U.S. Rep. Betty Sutton’s trip to Iraq and other areas of the Middle East and Europe where the war in Iraq is being planned and waged hasn’t changed her view that the United States needs to bring its troops home.
In fact, she said Iraqi Prime Minister Nuri al-Maliki told her during a meeting Sunday that he wants the Iraqis to take over the security of their own country.
Sutton, D-Copley Township, and four other members of Congress left Thursday for a tour of Iraq, visiting bases and meeting with officials in Qatar before heading to Baghdad for a day-long visit Sunday.
Sutton said she and the other congressional delegates traveling with her on the fact-finding mission were accompanied by armed military guards and traveled in armored vehicles, even when they visited the marketplace that U.S. Rep. Mike Pence, R-Ind., famously compared to a market in his home state in terms of safety.
Sutton didn’t see it the same way as Pence.
“Make no mistake about it, we went to the marketplace in a Striker, and it is not common to visit a market in Indiana in a Striker,” she said.
Outside of the Green Zone in Baghdad — and even there — the country remains unsafe, she said, and while she experienced no trouble, one of the locations visited by her group had a problem a few hours before they arrived, although she said she didn’t know the details.
Sutton and her fellow members of Congress also met with high-ranking U.S. officials in Iraq, during their trip, including Ambassador Ryan Crocker and Gen. David Petraeus.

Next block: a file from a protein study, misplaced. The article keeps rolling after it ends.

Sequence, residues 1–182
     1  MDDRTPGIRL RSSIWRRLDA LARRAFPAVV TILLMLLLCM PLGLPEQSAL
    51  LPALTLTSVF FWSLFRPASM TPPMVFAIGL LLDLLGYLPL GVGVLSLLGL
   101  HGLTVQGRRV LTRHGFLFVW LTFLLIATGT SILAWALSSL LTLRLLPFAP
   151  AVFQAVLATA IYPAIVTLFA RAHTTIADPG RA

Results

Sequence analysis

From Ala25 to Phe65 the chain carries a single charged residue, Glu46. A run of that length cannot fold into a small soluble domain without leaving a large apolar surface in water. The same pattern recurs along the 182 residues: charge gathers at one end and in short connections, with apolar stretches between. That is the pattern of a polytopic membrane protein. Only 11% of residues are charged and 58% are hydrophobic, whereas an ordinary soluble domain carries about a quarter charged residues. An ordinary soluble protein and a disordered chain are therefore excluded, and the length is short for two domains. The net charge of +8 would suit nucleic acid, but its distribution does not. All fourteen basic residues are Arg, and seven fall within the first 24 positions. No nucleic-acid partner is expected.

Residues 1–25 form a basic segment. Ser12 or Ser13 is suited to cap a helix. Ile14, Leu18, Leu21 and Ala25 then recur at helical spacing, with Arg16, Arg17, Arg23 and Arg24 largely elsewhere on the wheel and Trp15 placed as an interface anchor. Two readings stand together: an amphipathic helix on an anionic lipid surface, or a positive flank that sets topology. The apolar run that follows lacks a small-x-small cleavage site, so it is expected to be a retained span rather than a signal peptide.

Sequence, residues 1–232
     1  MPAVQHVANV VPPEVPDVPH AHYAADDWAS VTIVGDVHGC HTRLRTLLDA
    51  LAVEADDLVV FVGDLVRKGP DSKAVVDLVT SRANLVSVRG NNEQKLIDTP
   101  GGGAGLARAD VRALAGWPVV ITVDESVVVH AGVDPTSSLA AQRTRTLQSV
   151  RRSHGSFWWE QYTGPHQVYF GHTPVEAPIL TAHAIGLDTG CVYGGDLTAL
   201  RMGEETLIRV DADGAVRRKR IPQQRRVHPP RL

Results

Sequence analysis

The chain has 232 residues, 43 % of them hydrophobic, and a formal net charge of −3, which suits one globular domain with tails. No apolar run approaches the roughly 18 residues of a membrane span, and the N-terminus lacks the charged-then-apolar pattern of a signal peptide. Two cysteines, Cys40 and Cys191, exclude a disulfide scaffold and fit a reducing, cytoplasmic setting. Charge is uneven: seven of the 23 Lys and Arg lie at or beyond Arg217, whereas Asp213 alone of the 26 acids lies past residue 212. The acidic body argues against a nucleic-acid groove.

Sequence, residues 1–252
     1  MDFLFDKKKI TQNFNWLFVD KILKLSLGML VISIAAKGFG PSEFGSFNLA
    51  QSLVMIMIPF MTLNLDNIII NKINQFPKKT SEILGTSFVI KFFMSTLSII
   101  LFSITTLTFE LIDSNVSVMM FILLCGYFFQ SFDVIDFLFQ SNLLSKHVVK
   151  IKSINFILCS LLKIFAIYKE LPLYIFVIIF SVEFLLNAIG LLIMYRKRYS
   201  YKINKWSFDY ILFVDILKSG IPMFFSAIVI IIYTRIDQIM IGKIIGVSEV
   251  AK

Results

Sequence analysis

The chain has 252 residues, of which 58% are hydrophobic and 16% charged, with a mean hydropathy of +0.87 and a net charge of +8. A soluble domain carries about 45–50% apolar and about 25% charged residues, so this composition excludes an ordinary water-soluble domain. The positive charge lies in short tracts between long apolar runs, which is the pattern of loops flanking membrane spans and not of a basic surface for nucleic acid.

The only way Sutton said she sees a lasting peace coming to Iraq is from the Iraqis themselves, not from the U.S. presence there.
Even if the U.S. military wins victory after victory, she said, it won’t make a difference if that’s not accompanied by success in the political arena.“We could be in Iraq for 10 years and our military could be performing admirably for 10 years, but if that political progress isn’t being had, we could still have the costs of lives and money and not have a better day,” she said.
Sutton said the only contact she had with employees of Blackwater USA, the private security company that is under fire for what critics have said was the unprovoked killing of Iraqis in a marketplace last month, was when its employees drove her briefly in Iraq.
But she said the presence of Blackwater employees shows that the military doesn’t have the manpower for all the work that needs to be done in the country.
“We have to have military contractors because we just don’t have the people to do the things they’re doing,” she said. “We are stretched very, very thin.”
Despite that, Sutton praised the soldiers she met, none of whom were from her district, and others who face the hardship and dangers on the ground in Iraq.
“It’s striking. It actually takes your breath away to see how dedicated they are to doing what we’re asking them to do,” she said, emotion creeping into her voice.
Sutton also met with officials in Jordan and traveled to a military hospital and base in Germany. She planned to return to Washington, D.C., today.
Contact Brad Dicken at 329-7147 or firstname.lastname@example.org.